His first full-scale exhibition in a European museum was held in May 1971 at the Rath Museum in Geneva, Switzerland. In his widely acclaimed "Prevalence of Ritual" retrospective at New York's Museum of Modern Art, also held in 1971, many of the works displayed were collage paintings.
Focus on African American Life in the 1970s and 1980s
The primary subject of the last 25 years of Bearden's art was the life and culture of African Americans. His work covered rural themes based on his memories of the South as well as urban life and jazz. In the 1980s he produced a large body of work featuring compelling images of women. For many years he spent time annually on the Caribbean island of St. Martin, which brought tropical images to his work.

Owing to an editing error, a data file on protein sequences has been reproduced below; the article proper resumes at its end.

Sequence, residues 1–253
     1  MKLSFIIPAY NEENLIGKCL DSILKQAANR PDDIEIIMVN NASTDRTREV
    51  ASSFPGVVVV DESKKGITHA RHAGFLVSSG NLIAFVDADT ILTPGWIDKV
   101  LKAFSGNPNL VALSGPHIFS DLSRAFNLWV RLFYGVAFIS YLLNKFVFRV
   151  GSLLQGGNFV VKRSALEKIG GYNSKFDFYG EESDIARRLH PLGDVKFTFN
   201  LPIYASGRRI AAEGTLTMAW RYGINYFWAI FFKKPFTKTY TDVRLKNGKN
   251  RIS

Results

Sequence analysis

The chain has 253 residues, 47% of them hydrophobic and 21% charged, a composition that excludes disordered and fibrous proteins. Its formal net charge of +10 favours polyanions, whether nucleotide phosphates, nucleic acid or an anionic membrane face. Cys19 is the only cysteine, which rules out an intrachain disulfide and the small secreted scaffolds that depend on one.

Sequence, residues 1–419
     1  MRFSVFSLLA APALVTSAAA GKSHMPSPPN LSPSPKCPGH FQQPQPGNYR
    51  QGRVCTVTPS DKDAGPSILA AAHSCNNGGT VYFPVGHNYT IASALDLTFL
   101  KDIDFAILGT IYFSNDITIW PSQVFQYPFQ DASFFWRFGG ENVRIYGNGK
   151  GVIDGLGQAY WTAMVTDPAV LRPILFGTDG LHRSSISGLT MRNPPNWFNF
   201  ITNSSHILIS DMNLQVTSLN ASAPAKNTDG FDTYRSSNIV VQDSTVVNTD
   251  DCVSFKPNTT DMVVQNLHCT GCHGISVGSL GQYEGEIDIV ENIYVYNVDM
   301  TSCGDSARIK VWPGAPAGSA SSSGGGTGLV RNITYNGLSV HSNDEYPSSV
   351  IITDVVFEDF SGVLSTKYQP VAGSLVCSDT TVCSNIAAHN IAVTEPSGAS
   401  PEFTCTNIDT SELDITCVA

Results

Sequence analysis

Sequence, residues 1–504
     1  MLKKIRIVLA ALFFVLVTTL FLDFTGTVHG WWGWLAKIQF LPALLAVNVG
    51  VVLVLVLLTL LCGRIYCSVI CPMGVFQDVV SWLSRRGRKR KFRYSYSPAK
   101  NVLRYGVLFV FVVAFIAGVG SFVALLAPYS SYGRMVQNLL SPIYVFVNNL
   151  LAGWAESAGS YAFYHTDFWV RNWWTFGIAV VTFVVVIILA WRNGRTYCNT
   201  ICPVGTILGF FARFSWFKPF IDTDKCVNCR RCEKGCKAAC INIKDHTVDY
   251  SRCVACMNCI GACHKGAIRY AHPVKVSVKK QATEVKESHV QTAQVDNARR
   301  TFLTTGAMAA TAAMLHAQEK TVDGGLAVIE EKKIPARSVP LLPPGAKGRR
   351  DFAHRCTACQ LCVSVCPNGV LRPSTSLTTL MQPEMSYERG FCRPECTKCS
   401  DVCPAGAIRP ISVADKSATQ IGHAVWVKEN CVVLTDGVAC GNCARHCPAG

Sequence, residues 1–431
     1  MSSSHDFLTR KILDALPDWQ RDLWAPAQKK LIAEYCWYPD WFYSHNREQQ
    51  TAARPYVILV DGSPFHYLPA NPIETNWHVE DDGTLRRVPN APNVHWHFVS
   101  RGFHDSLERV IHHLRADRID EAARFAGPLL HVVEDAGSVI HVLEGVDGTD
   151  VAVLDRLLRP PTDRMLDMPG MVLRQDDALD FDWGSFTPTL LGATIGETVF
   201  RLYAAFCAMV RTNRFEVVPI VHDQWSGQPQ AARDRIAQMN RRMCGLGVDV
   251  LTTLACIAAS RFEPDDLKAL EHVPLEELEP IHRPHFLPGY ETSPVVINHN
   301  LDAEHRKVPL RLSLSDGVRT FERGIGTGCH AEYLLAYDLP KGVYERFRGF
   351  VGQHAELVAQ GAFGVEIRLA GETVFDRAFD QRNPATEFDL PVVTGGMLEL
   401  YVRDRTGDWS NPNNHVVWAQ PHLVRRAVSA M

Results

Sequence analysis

In 1986 Bearden was commissioned by the Detroit Institute of Arts to celebrate its centennial. He executed a mosaic mural, done in mosaic glass, titled "Quilting Time". The work is typical of Bearden in that it is rooted in his memories of his southern childhood and depicts an important aspect of African American culture. The brightly colored mosaic shows a group of women making a quilt. His use of mosaic tile late in his career developed from the technique of building his forms with very small pieces of paper, called tesserae. Since the paper was so fragile, Bearden preferred using mosaic tile for large public works.
Honors and Legacy